Photojournalists are probably the ones, as usual, who are most at risk, and this time, that is even more amplified. Photojournalists go where the news is happening, and obviously, where the news is happening is where the people are. The bigger conundrum in this situation is the fact that most of the news pieces are related to COVID19, and there lies the dilemma that they have to choose between protecting themselves and making a living. It comes to a point where that becomes a black or white choice. Probably second to all the healthcare professionals, the brave photojournalists are at the front lines of this situation not just because they are literally where the news is, but also because the spread of information (accurately) to the public is ultimately vital. So, it would be in the best interest of photojournalists to protect themselves with masks and Personal Protective Equipment (PPEs). More importantly, loading up on vitamins, getting good sleep, and proper nutrition will protect them more than anything. (Forgive me for showing my healthcare professional side on this one.)
Probably those most affected are the event and wedding photographers, simply because they are those whose schedules are affected by the trends of the general public. And because the general public is already taking preventive precautions, almost all events, whether personal, family, or corporate are being canceled or at least postponed.
Birthday parties, anniversary celebrations, religious events, concerts, weddings, product launches, and corporate events are being canceled, and in all of those, the photographers and videographers are all affected.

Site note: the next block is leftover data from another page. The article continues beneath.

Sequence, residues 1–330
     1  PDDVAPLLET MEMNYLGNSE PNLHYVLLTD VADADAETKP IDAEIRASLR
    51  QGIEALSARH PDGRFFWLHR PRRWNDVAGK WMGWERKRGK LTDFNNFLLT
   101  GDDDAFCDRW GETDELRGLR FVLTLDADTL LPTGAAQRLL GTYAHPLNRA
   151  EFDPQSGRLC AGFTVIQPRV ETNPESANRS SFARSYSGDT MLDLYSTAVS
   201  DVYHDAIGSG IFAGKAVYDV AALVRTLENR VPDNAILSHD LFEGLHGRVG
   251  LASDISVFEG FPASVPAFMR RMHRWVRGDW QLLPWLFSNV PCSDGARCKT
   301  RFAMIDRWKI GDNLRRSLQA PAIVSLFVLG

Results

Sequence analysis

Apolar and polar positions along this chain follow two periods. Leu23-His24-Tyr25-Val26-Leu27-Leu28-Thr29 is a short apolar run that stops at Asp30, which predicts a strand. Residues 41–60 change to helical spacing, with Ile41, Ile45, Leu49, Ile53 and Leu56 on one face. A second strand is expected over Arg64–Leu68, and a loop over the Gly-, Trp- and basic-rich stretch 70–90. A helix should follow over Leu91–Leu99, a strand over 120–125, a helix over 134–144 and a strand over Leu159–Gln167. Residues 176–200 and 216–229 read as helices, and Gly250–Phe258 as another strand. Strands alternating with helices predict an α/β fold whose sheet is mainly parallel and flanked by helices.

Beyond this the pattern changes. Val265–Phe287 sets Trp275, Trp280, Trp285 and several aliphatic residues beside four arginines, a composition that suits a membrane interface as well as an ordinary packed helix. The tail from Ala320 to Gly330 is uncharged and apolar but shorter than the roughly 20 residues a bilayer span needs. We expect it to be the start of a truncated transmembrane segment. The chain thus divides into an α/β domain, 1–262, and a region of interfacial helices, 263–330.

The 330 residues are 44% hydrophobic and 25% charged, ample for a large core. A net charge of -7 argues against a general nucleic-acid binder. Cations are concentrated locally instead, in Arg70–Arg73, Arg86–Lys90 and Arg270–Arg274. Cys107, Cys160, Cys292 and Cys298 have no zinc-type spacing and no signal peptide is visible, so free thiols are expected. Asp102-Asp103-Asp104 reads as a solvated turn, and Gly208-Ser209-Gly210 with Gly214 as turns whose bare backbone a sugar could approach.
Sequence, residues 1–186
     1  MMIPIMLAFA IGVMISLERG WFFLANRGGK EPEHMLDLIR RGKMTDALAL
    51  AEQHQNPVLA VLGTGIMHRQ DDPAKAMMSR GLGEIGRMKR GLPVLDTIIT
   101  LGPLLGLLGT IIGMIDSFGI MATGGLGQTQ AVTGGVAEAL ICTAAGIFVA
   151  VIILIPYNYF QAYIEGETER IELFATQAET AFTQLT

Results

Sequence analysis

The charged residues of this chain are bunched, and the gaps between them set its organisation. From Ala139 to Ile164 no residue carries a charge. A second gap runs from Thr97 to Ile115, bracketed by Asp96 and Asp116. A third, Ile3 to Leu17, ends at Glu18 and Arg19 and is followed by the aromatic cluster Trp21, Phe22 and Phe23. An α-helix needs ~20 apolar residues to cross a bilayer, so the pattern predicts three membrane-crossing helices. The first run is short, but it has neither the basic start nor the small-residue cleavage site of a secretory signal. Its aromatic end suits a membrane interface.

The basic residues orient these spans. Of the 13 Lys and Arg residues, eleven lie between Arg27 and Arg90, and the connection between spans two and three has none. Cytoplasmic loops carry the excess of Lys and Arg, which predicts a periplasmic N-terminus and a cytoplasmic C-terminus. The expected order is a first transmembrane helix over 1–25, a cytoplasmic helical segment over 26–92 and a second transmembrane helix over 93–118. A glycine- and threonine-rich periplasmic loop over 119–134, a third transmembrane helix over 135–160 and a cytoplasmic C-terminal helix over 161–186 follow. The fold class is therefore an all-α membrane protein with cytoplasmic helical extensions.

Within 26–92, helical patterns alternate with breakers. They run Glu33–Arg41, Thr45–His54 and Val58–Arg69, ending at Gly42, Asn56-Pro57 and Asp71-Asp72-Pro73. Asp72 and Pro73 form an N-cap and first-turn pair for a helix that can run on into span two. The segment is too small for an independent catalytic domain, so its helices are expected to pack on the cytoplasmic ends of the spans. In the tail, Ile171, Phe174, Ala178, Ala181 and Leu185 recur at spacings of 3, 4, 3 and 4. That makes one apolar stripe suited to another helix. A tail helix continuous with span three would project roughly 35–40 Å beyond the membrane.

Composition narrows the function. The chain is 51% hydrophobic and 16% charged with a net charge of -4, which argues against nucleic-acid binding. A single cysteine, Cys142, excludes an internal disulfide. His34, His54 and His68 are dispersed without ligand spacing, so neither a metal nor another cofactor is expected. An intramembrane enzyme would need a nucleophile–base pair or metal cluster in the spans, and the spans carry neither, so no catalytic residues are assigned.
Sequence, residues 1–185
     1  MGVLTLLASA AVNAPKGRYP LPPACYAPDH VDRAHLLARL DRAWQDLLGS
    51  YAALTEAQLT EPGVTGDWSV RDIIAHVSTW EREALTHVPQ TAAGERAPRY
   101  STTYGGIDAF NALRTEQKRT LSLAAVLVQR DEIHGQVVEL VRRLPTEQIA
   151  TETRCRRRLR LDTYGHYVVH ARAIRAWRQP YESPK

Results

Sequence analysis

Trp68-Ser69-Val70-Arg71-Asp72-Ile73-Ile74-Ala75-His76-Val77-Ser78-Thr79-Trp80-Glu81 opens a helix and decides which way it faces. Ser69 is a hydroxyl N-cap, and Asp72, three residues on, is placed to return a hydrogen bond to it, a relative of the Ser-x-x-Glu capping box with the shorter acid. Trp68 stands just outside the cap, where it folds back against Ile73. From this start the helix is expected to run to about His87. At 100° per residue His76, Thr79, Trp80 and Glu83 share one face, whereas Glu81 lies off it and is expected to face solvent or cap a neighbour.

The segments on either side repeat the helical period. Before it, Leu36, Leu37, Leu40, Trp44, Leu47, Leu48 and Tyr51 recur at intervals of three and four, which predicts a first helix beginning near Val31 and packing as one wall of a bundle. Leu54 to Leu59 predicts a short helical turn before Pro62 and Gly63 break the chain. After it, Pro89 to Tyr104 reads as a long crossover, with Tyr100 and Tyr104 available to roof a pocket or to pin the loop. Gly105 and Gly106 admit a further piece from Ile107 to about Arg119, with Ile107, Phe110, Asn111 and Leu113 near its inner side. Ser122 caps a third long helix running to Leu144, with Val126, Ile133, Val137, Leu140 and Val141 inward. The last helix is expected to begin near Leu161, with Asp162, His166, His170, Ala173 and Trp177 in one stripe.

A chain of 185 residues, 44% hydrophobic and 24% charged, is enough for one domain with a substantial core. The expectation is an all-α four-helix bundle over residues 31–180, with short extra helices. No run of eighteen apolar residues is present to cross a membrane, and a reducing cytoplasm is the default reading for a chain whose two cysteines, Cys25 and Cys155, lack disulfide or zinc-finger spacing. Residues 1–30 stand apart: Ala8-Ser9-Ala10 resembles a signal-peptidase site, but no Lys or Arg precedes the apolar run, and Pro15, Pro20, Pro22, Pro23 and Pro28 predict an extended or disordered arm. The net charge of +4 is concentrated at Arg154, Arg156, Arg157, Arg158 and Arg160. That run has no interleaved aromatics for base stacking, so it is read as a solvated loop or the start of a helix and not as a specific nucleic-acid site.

Through a personal survey on social media, I asked photographer friends about how badly they have been affected by this just for the entire month of March. This perspective comes from the Philippines, which had very minimal number of cases of COVID until this week, so imagine how bad it might be for countries that are affected more significantly, like Hong Kong, Japan, South Korea, and the like.
Answers from my contacts ranged from 4 to up to 12 event cancellations just for the month of March. That may not be too significant by number since there are 31 days in the month, but if you consider the fact that some of these events take 2 to 3 days and that the majority of events, especially weddings and family gatherings, are held on weekends, that could mean that many photographers will have almost no income for the entire month. What’s worse is that clients have also been canceling events up to May or June. Some have even resorted to selling their gear to have something to pay the bills with. Just imagine the financial strain this could be putting on photographers.
What Can We Do?
This particular situation isn’t something we could have prevented, but its impacts on the lives of everyone can be suppressed. We can help the community minimize any further complications by following all preventive measures mandated by credible health agencies. We can help minimize the mass hysteria by using our networks to battle misinformation and fake news and providing compelling images as visual aids. Lastly, we can help one another by sharing resources, projects, and opportunities, especially those who are hit worse by the impacts of COVID19. As humans, as artists and creatives, as photographers with any form of social influence, we can play a role to help our industry and society in general.
Lead image by John Denry Salazar. All photos shared with permission.